Not but that in all this Mr. Goreli is perfectly consistent; nothing can be more so. The government he has in view—the government, the establishment of which is the object of these his endeavours, is of the despotic species. Spaniards! see whether I do him wrong;—see whether the object of these his endeavours be not to exclude all possibility of change, unless it be such as the people, seeing it to be for the interest of their rulers, and against theirs, would, if left at liberty, manifest their disapprobation of;—see whether it be not to exclude from misrule, how consummate soever, all means, and thereby all possibility of correction—from misery, how excruciating soever, all possibility of relief.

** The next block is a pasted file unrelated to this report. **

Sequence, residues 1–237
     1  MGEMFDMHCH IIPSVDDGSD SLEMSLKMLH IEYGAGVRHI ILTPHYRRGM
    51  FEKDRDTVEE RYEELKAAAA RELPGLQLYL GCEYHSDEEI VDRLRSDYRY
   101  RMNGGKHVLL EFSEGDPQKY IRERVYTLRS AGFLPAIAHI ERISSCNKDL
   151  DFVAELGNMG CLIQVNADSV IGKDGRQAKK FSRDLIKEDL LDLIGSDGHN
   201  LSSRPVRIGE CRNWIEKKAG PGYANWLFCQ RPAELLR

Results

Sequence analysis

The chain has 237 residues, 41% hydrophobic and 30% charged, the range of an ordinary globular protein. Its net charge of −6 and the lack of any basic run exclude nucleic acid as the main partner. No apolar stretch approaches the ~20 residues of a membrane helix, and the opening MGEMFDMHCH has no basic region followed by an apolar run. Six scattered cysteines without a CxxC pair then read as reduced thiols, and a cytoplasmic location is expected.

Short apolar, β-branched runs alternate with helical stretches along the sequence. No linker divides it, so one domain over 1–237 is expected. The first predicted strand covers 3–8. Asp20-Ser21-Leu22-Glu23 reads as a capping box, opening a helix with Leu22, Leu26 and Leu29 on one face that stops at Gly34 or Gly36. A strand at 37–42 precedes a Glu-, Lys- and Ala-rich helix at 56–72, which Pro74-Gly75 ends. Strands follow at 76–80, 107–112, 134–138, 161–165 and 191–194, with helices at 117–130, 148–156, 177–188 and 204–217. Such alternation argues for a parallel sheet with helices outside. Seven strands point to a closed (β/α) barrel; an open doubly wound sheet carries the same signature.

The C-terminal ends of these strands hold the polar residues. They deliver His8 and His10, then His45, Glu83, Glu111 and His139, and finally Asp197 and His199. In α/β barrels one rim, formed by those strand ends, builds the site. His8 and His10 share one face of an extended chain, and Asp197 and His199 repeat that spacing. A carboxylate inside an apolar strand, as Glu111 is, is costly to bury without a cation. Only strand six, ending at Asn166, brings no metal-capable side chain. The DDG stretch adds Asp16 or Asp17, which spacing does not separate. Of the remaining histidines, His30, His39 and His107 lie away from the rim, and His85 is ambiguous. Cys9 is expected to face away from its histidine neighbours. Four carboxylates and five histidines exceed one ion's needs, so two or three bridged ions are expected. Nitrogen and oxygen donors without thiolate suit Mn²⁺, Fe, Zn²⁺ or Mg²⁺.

Not yet has he proposed the abolition of election meetings in their earliest stage—of those meetings of the subject-many in all their number, and, to outward appearance, in all their force. No: nor is any such change needful for the accomplishment of his purposes. Destitute of that necessary mental discipline which has just been brought to view—strangers to all instruction, to all excitation, to all political correspondence—meeting, the electors will meet and act like puppets, obsequious to this or that official showman’s hand. At the time of giving their votes, the code itself inhibits all discussion, and with it all instruction and excitation: and now it is that Mr. Goreli, coming upon them with this law of his, deprives men of all other opportunities of learning the mental exercise—that instrument of independence by which alone the man is distinguished from the puppet.